Server-Side and Client-Side Testing:
For server-side (as opposed to client-side) web apps, performance testing and security testing are the most important. Stability problems need to be identified prior to deployment. The tester, therefore, should create many user scenarios derived from the most common and most intensive user actions, and then analyze the performance statistics after the performance tests are completed.
The author recommends that all of your pages load in 15 seconds or less, but this rule really depends on your particular application and the expectations of the people using it. If your app requires large graphics and the users are architects, they will probably feel that waiting a few minutes is worth the effort.
The author recommends that you set up a test environment that is separate from your development and production environment. This can include a separate web server, database server, and application server if applicable. This is especially important in testing security features. (It should be noted, of course, that some application developers will not be able to afford the elaborate testing facilities of a large corporation.)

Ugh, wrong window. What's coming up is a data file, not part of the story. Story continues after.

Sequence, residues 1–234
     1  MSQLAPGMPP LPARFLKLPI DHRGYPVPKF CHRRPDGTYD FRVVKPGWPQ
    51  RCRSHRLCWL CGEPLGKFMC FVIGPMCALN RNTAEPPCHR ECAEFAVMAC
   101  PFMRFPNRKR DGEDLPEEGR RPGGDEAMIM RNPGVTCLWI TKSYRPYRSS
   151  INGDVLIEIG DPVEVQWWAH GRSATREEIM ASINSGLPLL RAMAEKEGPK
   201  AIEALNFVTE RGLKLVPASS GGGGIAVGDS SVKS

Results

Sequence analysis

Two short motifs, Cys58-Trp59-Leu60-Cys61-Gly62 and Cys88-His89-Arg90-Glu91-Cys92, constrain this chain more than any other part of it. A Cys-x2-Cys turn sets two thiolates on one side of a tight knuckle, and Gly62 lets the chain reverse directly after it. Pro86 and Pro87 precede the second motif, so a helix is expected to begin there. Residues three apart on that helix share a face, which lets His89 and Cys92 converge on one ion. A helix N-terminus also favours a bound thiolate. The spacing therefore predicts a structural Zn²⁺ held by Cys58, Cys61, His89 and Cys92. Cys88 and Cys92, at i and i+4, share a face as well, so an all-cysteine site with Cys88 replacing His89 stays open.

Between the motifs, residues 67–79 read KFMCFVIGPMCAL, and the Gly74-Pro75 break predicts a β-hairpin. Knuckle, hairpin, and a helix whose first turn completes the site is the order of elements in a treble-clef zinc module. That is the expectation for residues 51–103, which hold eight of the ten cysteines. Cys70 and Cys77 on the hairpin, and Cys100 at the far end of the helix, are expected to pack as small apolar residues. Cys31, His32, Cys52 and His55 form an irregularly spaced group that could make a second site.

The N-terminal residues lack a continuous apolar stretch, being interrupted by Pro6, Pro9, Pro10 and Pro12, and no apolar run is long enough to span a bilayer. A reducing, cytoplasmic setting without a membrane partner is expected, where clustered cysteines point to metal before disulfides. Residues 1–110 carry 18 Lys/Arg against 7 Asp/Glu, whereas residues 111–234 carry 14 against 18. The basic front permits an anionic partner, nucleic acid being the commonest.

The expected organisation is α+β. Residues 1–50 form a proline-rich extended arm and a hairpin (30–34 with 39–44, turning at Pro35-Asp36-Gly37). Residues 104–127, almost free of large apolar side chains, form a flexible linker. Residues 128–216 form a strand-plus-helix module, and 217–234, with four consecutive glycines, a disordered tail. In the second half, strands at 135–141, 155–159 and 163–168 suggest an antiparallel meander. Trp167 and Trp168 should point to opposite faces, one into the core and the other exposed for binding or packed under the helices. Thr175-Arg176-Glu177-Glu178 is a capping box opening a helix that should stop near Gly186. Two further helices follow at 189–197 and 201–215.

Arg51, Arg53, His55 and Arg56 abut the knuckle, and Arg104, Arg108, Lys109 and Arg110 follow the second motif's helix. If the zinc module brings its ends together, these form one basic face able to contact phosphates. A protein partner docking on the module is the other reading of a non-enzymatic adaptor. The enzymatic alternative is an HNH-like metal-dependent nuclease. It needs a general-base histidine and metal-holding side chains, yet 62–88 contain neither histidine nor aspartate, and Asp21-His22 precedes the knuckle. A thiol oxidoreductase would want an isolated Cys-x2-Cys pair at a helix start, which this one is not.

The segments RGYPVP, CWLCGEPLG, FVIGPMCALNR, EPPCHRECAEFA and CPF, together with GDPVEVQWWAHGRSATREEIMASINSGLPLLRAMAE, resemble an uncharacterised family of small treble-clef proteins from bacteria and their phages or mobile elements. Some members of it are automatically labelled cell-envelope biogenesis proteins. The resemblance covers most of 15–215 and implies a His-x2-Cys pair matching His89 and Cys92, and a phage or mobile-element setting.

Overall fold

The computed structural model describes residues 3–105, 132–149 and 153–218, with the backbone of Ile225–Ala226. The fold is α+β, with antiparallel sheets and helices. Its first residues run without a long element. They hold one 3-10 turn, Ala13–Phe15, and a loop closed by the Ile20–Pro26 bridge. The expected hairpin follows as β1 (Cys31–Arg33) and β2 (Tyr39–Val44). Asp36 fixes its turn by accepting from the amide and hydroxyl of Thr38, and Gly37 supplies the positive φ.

Ms. Ash advises, "One of the most common reasons that performance testing of an application is not successful is that the wrong scenarios were tested." Therefore, she recommends that: "Not every line of code or possible interaction needs to be benchmarked on every build. Identify the critical places, the most frequent code paths, and the most expensive ones, the ones that are most important to the user, and spend the precious test time here. If there is more test time left over, spend it on any code paths that have been added since the last release."
At this stage, the author explains numerous helpful methods for setting up baselines, benchmarks and other metrics to determine Web application performance and efficiency. These metrics also include the application's efficiency when interacting with various servers' processors, memory and disk drives.